The sailors joined a class action against the Navy after claiming that they were "tricked" into signing up for four years, when they didn’t receive any training and only had minimal practical experience.
Moreover, the sailors were supposed to receive a certificate IV in engineering trade qualification which should have involved receiving on the job education and practical training.
The Navy are being sued for breach of contract and negligence, with the case due to come before the NSW Supreme Court on May 20.
Jon Henderson, a former sailor, told the ABC that the sailors were left with not much else to do besides sit around and wait.
"I was basically warehoused in a site called PSU or Personnel Support Unit where numerous sailors basically sit around, read the paper, go online," he said.
Henderson added that most of the work was done by contractors and there was little opportunity for the promised training.
“There are guys who've been in there 10 years and are coming out and having to do excess training just to get a qualification to get a civilian job," he said.
The sailors’ lawyer Steward Levitt claimed the group had been paid salaries to do not much for the last four years other than "play cards" and "be miserable".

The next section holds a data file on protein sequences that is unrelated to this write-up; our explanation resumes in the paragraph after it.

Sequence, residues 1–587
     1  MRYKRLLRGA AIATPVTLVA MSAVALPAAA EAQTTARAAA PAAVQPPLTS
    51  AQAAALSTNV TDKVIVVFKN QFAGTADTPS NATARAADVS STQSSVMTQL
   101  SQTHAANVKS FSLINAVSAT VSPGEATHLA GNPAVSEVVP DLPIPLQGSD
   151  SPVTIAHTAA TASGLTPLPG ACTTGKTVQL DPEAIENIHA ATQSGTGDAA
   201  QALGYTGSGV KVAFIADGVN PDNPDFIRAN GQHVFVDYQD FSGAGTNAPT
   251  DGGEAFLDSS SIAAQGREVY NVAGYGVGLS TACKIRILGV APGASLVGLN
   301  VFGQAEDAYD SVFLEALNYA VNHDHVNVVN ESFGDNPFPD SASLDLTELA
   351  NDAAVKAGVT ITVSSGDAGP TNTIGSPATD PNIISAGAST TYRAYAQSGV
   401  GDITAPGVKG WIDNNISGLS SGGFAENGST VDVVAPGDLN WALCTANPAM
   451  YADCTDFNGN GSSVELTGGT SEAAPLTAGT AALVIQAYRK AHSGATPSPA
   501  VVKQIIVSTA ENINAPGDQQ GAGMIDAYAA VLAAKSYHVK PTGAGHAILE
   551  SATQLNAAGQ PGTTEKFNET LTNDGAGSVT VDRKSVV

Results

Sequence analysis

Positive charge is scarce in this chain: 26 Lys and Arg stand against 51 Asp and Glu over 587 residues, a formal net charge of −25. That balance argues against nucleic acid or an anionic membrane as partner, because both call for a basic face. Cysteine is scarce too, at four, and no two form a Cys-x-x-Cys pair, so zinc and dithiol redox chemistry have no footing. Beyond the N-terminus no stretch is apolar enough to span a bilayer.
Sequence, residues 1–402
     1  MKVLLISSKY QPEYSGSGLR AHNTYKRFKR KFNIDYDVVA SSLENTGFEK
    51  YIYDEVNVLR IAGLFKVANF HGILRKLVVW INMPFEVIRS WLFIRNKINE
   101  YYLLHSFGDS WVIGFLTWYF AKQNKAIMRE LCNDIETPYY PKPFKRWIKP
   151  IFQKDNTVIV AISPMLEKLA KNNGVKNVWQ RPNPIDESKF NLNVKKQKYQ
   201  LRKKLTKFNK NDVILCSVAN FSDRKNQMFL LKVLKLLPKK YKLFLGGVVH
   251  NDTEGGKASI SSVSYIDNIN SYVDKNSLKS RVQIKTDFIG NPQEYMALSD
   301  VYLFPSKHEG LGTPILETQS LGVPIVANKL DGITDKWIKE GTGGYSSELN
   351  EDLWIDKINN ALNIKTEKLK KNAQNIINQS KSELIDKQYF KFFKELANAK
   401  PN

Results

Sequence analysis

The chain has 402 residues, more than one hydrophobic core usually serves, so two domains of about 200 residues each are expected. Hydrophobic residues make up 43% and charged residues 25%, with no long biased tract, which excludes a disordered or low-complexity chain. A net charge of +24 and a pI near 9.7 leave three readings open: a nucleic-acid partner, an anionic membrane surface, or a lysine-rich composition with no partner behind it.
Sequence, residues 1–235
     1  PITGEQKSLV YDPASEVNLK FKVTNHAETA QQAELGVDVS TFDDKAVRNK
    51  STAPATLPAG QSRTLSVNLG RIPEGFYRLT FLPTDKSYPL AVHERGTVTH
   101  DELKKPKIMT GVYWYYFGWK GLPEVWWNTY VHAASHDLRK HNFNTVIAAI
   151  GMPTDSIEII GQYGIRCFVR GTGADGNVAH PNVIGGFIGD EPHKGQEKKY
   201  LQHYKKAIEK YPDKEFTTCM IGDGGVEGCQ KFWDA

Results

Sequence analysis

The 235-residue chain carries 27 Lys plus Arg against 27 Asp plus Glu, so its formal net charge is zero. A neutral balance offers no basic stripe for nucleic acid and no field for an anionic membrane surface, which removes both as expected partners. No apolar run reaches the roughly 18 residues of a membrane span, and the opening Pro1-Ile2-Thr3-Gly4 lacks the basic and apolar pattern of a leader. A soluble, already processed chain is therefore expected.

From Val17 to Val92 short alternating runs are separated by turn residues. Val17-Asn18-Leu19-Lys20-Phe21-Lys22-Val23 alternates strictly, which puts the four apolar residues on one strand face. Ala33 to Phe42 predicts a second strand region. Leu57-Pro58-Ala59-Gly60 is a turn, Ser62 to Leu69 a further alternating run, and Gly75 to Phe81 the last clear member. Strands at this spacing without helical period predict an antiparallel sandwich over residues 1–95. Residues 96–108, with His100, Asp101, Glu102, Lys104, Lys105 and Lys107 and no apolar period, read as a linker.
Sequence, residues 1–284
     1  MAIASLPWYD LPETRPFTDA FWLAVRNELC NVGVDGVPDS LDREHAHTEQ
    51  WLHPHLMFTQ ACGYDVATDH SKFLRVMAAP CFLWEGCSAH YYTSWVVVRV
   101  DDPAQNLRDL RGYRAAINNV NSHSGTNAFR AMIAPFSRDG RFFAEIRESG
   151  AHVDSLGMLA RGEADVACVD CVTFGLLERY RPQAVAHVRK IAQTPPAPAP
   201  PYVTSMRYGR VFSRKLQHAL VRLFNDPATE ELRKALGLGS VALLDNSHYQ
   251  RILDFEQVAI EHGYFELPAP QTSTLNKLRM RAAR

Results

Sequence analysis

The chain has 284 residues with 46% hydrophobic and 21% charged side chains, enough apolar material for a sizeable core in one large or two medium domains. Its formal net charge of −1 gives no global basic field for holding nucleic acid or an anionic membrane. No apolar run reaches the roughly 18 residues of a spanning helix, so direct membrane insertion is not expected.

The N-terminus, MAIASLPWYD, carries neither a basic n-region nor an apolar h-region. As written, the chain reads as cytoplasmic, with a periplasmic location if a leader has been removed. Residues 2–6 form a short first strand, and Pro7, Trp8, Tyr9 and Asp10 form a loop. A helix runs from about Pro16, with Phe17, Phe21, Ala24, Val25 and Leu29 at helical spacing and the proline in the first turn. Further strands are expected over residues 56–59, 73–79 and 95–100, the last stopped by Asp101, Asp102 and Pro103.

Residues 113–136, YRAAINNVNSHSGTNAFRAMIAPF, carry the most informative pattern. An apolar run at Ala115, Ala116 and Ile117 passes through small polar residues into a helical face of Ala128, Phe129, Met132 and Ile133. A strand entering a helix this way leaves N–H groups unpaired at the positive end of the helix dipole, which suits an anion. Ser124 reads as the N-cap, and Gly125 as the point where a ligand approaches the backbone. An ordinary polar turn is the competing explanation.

He also alleged that sailors who complained were locked in a room and pressured to sign a release clearing the Navy of its training obligations.
Levitt also told the ABC that others were punished if they decided to protest.
"I have spoken to a number of trainees who were despatched to chase boat people back to Indonesia, for example," Levitt said.
The Department of Defence said in a statement that: "Navy is aware of the concerns raised by some current and former marine technicians, who joined the Navy under the Marine Technician 2010 Career Continuum, and has engaged with those affected."
"Navy's position is to solve this training issue."
The Royal Australian Navy is being sued by 220 sailors for allegedly failing to deliver on their promise that they would learn a trade.